“Because Aberdeen is so isolated, people there keep themselves to themselves; there’s so much money in the city, but nothing goes back into the city. It annoys me no end.
“Whereas in Leeds there’s far more cultural diversity, there’s acceptance for difference, whether that’s fashion or ethnicity. Everything feels very diverse and everyone is accepting and open-minded.”
Shortly after moving to Leeds Tom started his Leeds Lurking photography project, a way of building a portfolio, exploring the city, and sharing his fresh viewpoints of parts of Leeds that Loiners might not have thought to look at. He’s carried that intent through to the photos for this project.
“People are always in a rush and don’t look around,” says Tom. “My focus in the photos is to present people missing what is around them. They need to look up!
“My message is really to look around and enjoy the diversity and growth in Leeds right now. Everything is shot in portrait to accent the height of our skyline, which is growing at an incredible rate.”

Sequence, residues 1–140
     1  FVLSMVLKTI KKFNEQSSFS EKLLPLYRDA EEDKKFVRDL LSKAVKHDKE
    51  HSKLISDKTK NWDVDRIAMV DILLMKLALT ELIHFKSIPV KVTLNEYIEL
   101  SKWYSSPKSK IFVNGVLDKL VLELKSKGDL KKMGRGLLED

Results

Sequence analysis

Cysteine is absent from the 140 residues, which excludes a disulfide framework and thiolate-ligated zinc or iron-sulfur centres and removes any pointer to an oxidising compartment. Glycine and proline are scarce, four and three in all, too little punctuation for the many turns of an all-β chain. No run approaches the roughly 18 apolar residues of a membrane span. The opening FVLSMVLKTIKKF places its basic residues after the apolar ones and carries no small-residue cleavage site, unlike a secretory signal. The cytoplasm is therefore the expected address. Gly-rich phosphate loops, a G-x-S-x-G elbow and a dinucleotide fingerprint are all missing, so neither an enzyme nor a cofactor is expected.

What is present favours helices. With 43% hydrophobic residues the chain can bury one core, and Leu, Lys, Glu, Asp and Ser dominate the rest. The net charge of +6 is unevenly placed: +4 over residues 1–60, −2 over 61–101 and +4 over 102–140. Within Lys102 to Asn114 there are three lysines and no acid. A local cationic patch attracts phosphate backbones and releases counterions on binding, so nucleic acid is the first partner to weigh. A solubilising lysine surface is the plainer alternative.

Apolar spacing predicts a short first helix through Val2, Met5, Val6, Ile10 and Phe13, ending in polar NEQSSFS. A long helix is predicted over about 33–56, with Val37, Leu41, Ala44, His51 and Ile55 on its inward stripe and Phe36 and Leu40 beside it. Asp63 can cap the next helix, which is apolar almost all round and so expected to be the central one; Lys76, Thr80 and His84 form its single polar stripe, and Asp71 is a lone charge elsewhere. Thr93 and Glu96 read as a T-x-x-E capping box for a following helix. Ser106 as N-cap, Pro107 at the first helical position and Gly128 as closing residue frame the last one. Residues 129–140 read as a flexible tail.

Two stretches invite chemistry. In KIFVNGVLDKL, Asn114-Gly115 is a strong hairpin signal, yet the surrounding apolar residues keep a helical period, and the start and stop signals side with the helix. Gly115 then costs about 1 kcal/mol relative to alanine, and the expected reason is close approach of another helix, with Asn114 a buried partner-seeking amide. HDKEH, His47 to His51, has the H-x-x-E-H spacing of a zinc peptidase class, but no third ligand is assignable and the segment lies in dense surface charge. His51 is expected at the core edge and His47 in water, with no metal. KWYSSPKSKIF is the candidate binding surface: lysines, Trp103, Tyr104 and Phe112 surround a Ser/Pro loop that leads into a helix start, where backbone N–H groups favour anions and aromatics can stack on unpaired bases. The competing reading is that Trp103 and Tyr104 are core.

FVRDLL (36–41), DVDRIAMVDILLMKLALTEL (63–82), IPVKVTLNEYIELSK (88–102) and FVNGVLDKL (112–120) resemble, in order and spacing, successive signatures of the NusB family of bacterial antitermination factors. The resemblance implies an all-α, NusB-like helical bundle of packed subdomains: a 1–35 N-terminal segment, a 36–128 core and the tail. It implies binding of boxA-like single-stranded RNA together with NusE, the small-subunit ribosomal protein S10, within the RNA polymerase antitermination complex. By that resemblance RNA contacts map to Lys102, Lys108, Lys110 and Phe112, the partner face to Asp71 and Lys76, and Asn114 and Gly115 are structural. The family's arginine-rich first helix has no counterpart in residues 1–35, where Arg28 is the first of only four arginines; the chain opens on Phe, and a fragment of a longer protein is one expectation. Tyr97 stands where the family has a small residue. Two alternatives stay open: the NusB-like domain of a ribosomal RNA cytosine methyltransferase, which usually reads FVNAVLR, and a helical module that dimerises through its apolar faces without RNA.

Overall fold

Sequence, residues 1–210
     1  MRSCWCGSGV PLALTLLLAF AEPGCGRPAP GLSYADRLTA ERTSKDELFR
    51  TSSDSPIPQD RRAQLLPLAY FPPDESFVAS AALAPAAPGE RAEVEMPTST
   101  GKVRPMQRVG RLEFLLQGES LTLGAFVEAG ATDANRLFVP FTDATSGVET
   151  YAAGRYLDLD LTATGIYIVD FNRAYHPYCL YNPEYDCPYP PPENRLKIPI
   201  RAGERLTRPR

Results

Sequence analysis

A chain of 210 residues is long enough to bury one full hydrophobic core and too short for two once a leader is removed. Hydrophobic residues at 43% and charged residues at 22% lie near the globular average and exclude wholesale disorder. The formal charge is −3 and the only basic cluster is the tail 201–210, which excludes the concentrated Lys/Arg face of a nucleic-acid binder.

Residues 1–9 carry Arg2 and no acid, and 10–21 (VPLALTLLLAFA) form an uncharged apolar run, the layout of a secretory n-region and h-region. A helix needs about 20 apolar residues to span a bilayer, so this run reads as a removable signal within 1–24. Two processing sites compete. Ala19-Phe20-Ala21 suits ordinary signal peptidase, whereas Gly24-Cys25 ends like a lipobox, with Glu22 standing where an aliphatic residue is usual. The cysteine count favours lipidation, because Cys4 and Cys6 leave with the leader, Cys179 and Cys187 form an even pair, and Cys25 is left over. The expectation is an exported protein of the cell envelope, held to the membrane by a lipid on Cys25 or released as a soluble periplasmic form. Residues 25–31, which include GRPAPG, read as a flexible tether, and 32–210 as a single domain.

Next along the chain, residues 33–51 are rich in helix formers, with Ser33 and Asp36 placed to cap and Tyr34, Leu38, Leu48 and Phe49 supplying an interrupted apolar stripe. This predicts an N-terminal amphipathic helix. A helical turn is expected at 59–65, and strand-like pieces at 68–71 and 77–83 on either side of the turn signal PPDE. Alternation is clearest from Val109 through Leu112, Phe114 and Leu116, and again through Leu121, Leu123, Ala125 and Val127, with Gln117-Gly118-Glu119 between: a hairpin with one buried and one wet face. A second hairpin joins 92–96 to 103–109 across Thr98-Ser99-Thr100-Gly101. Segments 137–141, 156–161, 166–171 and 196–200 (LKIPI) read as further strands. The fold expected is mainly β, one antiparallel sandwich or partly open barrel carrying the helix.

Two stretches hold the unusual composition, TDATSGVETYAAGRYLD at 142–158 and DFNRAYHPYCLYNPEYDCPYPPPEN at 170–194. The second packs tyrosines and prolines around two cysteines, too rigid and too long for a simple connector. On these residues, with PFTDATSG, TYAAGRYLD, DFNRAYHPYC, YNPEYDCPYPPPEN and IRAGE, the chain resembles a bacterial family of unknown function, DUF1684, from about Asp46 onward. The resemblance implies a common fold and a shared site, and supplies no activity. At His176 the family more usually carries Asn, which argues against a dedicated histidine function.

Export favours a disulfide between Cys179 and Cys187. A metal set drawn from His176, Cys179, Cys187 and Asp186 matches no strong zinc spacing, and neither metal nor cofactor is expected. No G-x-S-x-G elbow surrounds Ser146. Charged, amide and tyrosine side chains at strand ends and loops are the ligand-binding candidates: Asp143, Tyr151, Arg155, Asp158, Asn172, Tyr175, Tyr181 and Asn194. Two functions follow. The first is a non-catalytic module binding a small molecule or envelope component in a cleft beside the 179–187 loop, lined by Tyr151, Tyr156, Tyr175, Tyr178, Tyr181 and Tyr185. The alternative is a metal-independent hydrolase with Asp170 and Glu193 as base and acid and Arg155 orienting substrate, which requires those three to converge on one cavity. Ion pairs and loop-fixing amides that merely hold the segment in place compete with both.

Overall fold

As we discussed culture and photography with Tom and Peter, conversation turned to what people do look at, and take photos of, which in many ways is everything, but as Tom points out, is also nothing.
“I went to the KAWS exhibit at Yorkshire Sculpture Park, and I was just seething the whole time,” he says. “90% of the people there were like, glance, snap, selfie, take photos then walk to the next sculpture to take photos. They leave at the end of the day thinking, well, I got all these photos.
“But you didn’t do anything. You did what everyone else has done. And did you truly experience the moment?”